There are still new frontiers that could completely change the rules of the game. Science fiction becomes fact.
When I hear protesters shut down the city of Oakland Port I wonder about the companies and workers this disruption impacted. Sure, it brought attention to the cause and lost revenue to the rich. But I bet it also hurt small business and poor workers who depend on the port directly and indirectly all the way down the line. How many humble enterprises and lives were disrupted for want of a nail because of this protest? I've been thinking a lot about the dismal historical outcomes of mass uprisings where the outcome usually seems to be a different small group at the top and the masses hurt, killed and worse off than before. I hope to write more about possible different ways to approach creating widespread prosperity. The Oakland incident makes me think that truly constructive means are key: not just non-violent means, but means that add real value rather than destroying wealth and the ability of others to create it.
Below are songs that speak to me of the of the dismal historical record of revolution in freeing the masses and the realities of class distinction.
Thanks to Michael McKay for pointing these out.
Chilling, but very sensible analysis of vested interests resulting in a dangerous collusion of the psychiatry, drug and marketing industries, as well as government. It seems to me there are so many better ways of addressing mental issues: diet, exercise, environment, choosing the people you associate with, spiritual practices...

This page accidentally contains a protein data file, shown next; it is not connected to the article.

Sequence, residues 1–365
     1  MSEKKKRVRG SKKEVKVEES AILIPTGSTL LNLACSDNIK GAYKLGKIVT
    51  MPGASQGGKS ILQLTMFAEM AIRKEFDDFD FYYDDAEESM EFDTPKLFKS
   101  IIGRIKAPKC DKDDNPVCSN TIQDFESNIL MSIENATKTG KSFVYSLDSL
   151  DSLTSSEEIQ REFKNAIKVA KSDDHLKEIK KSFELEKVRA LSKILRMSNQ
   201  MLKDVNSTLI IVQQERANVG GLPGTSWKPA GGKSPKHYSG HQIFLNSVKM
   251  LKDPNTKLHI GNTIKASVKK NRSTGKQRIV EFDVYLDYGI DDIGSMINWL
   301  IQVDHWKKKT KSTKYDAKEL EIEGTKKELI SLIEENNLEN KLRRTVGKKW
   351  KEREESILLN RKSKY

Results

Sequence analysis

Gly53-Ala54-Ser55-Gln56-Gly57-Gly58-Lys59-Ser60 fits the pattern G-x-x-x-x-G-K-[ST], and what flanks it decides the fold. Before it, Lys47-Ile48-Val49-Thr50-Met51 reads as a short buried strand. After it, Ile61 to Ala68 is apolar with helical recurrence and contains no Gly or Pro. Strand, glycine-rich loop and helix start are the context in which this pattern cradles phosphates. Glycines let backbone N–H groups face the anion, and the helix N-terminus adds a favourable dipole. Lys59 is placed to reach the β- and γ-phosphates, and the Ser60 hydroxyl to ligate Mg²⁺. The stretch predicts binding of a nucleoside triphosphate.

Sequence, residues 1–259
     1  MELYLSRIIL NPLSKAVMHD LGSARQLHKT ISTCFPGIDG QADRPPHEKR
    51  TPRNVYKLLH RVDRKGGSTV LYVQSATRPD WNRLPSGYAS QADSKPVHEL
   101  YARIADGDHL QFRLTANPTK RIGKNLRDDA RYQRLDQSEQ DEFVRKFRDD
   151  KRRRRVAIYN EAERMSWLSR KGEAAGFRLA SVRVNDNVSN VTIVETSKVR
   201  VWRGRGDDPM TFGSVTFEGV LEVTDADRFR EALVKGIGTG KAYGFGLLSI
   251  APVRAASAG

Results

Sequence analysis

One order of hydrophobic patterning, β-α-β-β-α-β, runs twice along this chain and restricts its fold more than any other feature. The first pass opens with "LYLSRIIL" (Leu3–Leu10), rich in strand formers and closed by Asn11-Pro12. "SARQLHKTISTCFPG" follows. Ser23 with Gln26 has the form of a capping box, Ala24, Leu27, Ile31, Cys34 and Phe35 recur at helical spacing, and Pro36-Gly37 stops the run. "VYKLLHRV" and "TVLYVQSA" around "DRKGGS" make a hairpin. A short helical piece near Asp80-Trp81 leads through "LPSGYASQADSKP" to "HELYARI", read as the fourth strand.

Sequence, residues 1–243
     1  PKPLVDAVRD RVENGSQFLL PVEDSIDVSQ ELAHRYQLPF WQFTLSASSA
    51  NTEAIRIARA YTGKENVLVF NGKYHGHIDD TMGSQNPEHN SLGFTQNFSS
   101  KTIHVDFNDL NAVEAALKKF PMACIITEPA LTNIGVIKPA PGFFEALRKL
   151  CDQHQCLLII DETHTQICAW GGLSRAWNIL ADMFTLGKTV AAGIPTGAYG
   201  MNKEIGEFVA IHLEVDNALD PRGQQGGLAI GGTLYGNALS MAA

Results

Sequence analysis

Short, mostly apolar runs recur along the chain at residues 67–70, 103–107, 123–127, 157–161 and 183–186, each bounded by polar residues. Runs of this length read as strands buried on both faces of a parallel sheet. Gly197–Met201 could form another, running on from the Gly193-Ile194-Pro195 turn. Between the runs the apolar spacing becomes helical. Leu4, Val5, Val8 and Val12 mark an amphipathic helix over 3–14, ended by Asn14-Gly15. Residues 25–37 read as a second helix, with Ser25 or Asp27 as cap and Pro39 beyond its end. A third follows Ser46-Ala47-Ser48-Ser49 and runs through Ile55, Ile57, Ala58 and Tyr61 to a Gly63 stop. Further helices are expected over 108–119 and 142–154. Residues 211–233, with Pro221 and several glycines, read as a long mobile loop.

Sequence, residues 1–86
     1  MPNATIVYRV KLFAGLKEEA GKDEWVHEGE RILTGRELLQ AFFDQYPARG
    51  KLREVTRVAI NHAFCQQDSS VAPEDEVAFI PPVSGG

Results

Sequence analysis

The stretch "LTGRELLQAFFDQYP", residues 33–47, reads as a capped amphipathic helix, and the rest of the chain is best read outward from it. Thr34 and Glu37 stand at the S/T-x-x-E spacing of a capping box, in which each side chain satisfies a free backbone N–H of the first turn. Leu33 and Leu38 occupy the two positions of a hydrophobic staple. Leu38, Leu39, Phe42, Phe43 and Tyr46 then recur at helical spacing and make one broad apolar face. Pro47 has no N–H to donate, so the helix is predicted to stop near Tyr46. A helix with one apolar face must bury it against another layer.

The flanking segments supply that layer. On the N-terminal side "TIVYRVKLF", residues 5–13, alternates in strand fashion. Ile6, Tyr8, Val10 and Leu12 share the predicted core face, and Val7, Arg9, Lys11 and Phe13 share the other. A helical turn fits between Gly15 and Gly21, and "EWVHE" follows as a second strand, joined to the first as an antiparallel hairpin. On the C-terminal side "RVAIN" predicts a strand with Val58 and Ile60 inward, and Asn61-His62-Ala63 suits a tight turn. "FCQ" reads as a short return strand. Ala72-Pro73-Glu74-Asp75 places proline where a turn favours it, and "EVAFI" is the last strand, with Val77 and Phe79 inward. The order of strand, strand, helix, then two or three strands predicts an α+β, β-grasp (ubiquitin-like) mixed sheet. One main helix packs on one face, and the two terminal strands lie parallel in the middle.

Making a Killing
Visit the Citizens Commissions on Human Rights for this video and more.
Interesting Forbes article about the possibility of VAT in the US: "Like it or not, there's only one way we're going to be able to pay for our ballooning deficit: a value-added tax."
He promotes a free market economy and when asked about who should be responsible for regulating this free market he said Congress. I'm used to thinking of the Fed as the bad guy, but these simple comments made me think that the Fed may really be a scapegoat for a Congress which has abdicated its responsibility to make the hard choices to preserve our freedom. And the Congress may be a scapegoat for us not taking responsibility for our own destiny.
It's tough to take responsibility. I want things to just be taken care of without having to do anything, for there not to be mistakes or disasters, and when there is a problem, not to be blamed. However, things never get done this way. Somewhere, someone has to make it happen and by taking that responsibility be open to criticism and blame from others on what they have done. I think the key is that taking responsibility and taking action is fundamentally good for the individual and society and to have a thick skin to criticism.